Hydrogels have become a popular source of research for cartilage tissue engineering but have been limited by their brittle nature at high water contents. Double network hydrogels (DNHG) are innovative materials that possess the ability to hold high water content whilst maintaining high mechanical strength, but require more accurate control over these properties. This study aims to achieve this goal by introducing a new concept by incorporating functionalized sol-gel nanoparticles (xSNP) as macro cross linkers rather than the conventional chemical cross linkers. DNHG are formed by a 1st network (1NW) polyelectrolyte and 2nd network (2NW) neutral polymer. This study investigates two separate DNHGs; polyacrylic acid (PAAc) and poly 2-acrylamido-2-methylpropane sulfonic acid (PAMPS) were the 1NW, chosen for their biocompatibility and hydrophilic nature. They were cross linked with amino-SNP (ASNP) and vinyl-SNP respectively. Polyacrylamide was chosen as the 2NW for both gels for its intrinsic strong mechanical properties. The aim of this study is to understand the effects of size and concentration of xSNP as a novel cross linking agent in DNHG for precisely controlling the properties of the gels. SNPs of 20, 50 and 100 nm were synthesized by the Stöber process, and functionalized in situ with 3-aminopropyl triethoxysilane and vinyl TEOS. The xSNP concentrations in the DNHGs were 0-50 wt. ? of the 1NW. SNPs were studied under TEM, SEM, FTIR, DLS, zeta potential and confocal microscopy to confirm size and functionalization. 1NW polymers were polymerized and cross linked in situ with xSNP under UV light; ASNP used carbodiimide chemistry to cross link with PAAc and VSNP was cross linked using a UV initiator. 1NW were soaked in 2NW solution and UV polymerized to form the DNHG. FTIR, swelling and water uptake studies were performed on heat/vacuum dried DNHGs. Compressive and dynamic mechanical properties were studied for fracture cyclic loading. DNHG cross sections were used for SEM and TEM imaging. Increasing size and concentration of xSNP caused a reduction in both water up take and swelling properties, providing evidence for higher cross linking in the DNHG. Water uptake ranged from 1230 ? for the control (0 wt. ? xSNP) to 750? for 50 wt. ? with 100 nm VSNP. Water content reduced from 93? for the control to 76? for 50 wt. ? with 100 nm VSNP, in the range of natural cartilage water content. Compressive strengths of the DNHGs increased with increased ASNP conc. and size up to a fracture stress of 15 MPa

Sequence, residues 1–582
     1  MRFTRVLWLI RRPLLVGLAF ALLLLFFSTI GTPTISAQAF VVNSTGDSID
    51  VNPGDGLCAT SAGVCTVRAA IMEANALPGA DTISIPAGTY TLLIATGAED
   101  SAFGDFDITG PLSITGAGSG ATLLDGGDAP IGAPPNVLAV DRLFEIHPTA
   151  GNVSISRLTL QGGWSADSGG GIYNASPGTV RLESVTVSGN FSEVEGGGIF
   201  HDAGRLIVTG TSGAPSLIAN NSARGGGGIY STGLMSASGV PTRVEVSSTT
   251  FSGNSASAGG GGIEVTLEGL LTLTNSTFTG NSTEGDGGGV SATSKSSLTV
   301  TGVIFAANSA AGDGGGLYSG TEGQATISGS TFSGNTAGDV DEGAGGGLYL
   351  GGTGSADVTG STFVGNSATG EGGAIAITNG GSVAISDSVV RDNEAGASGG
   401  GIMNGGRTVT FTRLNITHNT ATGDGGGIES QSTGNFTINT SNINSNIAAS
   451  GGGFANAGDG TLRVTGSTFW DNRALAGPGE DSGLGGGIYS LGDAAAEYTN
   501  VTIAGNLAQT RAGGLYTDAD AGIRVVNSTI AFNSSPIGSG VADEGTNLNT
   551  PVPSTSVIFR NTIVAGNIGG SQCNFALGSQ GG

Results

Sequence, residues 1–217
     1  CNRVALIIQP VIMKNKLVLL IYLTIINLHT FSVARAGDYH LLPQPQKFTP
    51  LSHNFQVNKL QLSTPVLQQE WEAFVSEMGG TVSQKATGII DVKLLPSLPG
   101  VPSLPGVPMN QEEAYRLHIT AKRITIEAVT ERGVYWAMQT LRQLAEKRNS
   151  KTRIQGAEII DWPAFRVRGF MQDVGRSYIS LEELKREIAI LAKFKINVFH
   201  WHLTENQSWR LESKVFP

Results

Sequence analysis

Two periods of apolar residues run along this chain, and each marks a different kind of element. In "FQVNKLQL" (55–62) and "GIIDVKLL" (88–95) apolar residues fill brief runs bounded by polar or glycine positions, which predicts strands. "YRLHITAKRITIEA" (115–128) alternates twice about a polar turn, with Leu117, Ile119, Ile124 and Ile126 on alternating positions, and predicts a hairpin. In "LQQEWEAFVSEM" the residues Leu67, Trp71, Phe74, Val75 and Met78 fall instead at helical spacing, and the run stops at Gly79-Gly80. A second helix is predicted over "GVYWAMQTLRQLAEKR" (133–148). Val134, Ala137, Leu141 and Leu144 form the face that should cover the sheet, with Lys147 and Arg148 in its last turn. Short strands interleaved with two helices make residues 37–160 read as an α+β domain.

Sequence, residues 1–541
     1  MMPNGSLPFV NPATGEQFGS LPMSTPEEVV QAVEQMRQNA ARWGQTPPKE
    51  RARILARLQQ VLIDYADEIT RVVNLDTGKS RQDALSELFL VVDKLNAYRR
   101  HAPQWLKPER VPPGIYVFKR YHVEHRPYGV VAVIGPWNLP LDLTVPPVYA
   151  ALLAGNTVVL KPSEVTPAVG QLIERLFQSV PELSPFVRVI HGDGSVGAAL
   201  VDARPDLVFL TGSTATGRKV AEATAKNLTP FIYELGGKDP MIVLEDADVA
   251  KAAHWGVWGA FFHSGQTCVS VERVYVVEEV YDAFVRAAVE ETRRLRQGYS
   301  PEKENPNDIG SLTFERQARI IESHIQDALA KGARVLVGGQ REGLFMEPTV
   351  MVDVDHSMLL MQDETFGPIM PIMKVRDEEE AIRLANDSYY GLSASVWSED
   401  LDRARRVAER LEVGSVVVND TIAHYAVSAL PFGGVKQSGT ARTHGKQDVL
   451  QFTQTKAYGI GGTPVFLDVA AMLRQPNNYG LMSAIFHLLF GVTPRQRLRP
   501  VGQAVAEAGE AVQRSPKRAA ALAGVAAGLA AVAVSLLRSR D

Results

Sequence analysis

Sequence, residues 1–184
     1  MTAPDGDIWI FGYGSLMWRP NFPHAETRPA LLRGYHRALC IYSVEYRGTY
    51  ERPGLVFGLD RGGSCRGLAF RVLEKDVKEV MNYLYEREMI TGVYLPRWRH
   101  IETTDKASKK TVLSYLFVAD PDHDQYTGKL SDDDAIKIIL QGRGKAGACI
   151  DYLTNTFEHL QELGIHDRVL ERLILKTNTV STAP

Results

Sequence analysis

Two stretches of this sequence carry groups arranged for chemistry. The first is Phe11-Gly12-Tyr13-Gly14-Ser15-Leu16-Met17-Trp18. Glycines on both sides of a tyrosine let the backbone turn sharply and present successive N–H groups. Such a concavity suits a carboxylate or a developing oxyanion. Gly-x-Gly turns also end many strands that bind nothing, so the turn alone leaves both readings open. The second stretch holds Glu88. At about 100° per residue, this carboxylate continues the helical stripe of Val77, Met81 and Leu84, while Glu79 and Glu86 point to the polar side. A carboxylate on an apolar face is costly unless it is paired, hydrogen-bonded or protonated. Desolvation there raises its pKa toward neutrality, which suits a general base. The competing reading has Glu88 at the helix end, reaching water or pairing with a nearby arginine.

with 75? water content, providing evidence that the SNPs are acting as cross linkers in the 1NW rather than fillers. Cross sections of the DNHGs under SEM and TEM show homogenous dispersion of xSNP within the structure, indicating successful incorporation. FTIR data of the DNHG after 3 drying and saturation cycles show Si-O-Si bands supporting the evidence of xSNP incorporation into the DNHG. These results show potential for further research and application of sol-gel nanoparticles in hydrogel applications. The best hydrogels from this reserach were chosen to be optimised. As the photopolymerisations were done under open atmosphere it is understood that atmopsheric O will interact with the monomer solution and inhibit the polymerisation from completing. This leads to shorter chain polymers and a lower degree of monomer to polymer conversion; hence leading to less polymer entanglement and lower mechanical integrity. Oxygen can be depleted from the monomer system by introducing glucose oxidase (GOX). Oxygen is eaten up by this enzyme in the presence of glucose to produce hydrogen peroxide. Full oxygen depletion is reached at 200 nM GOX, and 100 nm glucose. The enzyme works best at pH 5-6 therefore it was not possible to optimise the first network polymer AMPS.


Article metrics loading...

Loading full text...

Full text loading...

This is a required field
Please enter a valid email address
Approval was a Success
Invalid data
An Error Occurred
Approval was partially successful, following selected items could not be processed due to error